Tom Huizenga

With his long beard, homemade horned helmet, flowing cloak and spear, he was known as the Viking of Sixth Avenue. He was born Louis Thomas Hardin in Marysville, Kan. in 1916 and later called himself Moondog. At 16, he was blinded while fiddling with a blasting cap.

Prolific and multifaceted British composer and conductor Peter Maxwell Davies died Monday at age 81 at his home in the Orkney Islands, off the northern coast of Scotland. His death, from leukemia, was reported on the websites of both his publisher and his management company.

The harpsichord was eclipsed first by the fortepiano in the 18th century and eventually by the modern grand, but that doesn't mean the instrument is out of sight or out of mind.

You might call it old wine in new bottles, but what sweet, masterfully crafted wine it is. Upheld by Stillness, the debut album by the young and vibrant British a cappella choir ORA, presents a contemporary twist on a 16th-century classic.

Hungarian conductor Iván Fischer has strong opinions about his homeland, from its music to its politics.

Opera singer Lawrence Brownlee is known for portraying kings and princes. But lately he's been thinking about real people: Trayvon Martin, Michael Brown and Freddie Gray, to name a few.

Nicholas McCarthy was born without his right hand. Pursuing the piano would not exactly appear to be the most intuitive career choice. And yet that is exactly what the 26-year-old British pianist has done. His debut album, Solo, will be released next week.

McCarthy's "Aha!" piano moment came relatively late, at age 14, after he heard a friend play Beethoven's "Waldstein" Sonata. In a flash, he saw his future. He was determined to become a concert pianist.

Note: NPR's First Listen audio comes down after the album is released, but you can hear a track below via YouTube.

It was the day before Thanksgiving in 1902 when the Philadelphia Orchestra made its debut at Carnegie Hall. Music by Tchaikovsky was on the program and on the podium was Fritz Scheel, the first leader of an orchestra founded just two years before.

The title of Daniel Wohl's "Source" is something of a play on words. The actual sources of his captivating array of sounds are not completely clear. But it doesn't really matter. Just let the meticulously crafted, slightly surreal music from the Paris-born, Los Angeles-based composer soak in.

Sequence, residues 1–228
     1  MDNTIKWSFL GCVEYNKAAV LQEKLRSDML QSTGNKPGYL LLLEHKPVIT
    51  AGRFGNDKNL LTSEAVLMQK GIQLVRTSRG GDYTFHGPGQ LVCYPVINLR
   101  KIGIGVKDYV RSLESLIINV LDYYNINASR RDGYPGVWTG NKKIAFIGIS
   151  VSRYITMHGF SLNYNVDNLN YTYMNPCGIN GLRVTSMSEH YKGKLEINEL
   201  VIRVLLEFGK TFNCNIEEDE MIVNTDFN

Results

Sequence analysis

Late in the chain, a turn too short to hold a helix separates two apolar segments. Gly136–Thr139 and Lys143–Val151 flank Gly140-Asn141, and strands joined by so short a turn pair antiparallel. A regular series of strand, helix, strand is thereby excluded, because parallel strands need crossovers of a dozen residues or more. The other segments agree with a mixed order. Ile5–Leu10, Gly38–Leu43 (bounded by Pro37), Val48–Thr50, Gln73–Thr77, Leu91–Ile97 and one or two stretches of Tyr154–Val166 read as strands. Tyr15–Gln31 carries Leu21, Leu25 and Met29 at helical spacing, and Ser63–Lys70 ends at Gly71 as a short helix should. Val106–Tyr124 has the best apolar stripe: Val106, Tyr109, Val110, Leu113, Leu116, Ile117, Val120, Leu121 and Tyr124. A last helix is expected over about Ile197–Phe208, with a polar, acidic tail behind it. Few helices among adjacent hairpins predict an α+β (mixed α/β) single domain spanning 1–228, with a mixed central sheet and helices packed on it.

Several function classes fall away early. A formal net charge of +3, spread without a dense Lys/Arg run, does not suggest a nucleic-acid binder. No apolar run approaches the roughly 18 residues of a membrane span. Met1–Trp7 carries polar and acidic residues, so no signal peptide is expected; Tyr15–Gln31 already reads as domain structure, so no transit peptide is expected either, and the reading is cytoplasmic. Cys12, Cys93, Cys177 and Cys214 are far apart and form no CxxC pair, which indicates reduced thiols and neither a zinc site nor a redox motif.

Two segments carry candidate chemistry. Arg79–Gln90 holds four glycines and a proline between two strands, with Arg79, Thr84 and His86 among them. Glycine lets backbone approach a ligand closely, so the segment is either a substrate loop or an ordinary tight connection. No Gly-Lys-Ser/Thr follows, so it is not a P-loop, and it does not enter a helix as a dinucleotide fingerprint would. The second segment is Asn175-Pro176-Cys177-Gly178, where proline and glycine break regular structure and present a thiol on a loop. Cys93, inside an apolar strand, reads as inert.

Although 2015 produced arguably fewer big headlines in classical music than its predecessors, there were still surprising stories.

Amid the ubiquitous din of annual chestnuts like "Jingle Bells" and "Let it Snow," you may be surprised to learn that people are actually writing new holiday songs. And as it turns out, some of them are pretty great.

Jean Sibelius, born 150 years ago on Dec. 8, 1865, was the first Finnish composer to reach an international audience, but his popularity began at home. In the late 1890s, Finland was a part of the Russian empire and its people were striving for independence.

If we're relying on the younger generation to help boost interest in classical music, look no further than Teddy Abrams.

Why do Beethoven's symphonies remain so appealing? It's a question we put to Simon Rattle a few years ago after he had finished conducting the Vienna Philharmonic in all nine of them.

"There's nothing harder," Rattle said, "and at the end of it all, nothing more rewarding. This is one of the great monuments of Western art." Those performances were recorded for a set released in 2003.

The Brazilians call it saudade. It's an elusive, almost intoxicating mix of emotions suffused with longing, loss and memory, best evoked in music. Perhaps Ukrainians have their own word for it. But if not, it can surely be heard in Valentin Silvestrov's Nostalghia, a solo piano work from 2001 that may just leave you a little lightheaded and yearning for something inexplicable.

Jeffrey Curnow has a serious funny bone. In his cartoons, he pokes fun at symphony orchestras, conductors and musicians from his perch as the associate principal trumpeter of the Philadelphia Orchestra.

Andris Nelsons, the Latvian conductor now in his second season as music director of the Boston Symphony Orchestra, has a taste for Russian music.

Tigran Hamasyan won the Thelonious Monk International Jazz Piano Competition in 2006, but the music that resonates even deeper for him is centuries removed — and a sound world away — from jazz.

Welcome to the first day of fall — at least for us in the Northern Hemisphere. There's a noticeable chill in the air, the leaves are starting to shift color and perhaps you find yourself turning a little more inward in your mood and your musical tastes.

Composers and songwriters have plenty to say about the changing seasons. To mark the Autumnal Equinox, try this fall music quiz stocked with songs of wistful introspection. Score high and revel in autumn's golden glow. Score low and feel the sadness of earlier and earlier sunsets.

Mystical, monk-like, reclusive — those are a few words often used to describe Arvo Pärt. His music gets labeled as timeless, spiritual and meditative. The Estonian composer, born 80 years ago today, is perhaps all of these things ... and maybe none of them.

Even Judith LeClair, principal bassoonist in the New York Philharmonic, says there are issues with her instrument. "A lot of people call it an oboe," she once told CNN. "It's not as recognized as a flute or a trumpet." And it certainly doesn't sound like those, either.

Sleep. It's both an oasis where our physical and mental batteries get recharged and a playground for the subconscious. It's also the subject of Max Richter's latest project, SLEEP, which inspired this video by Yulia Mahr.

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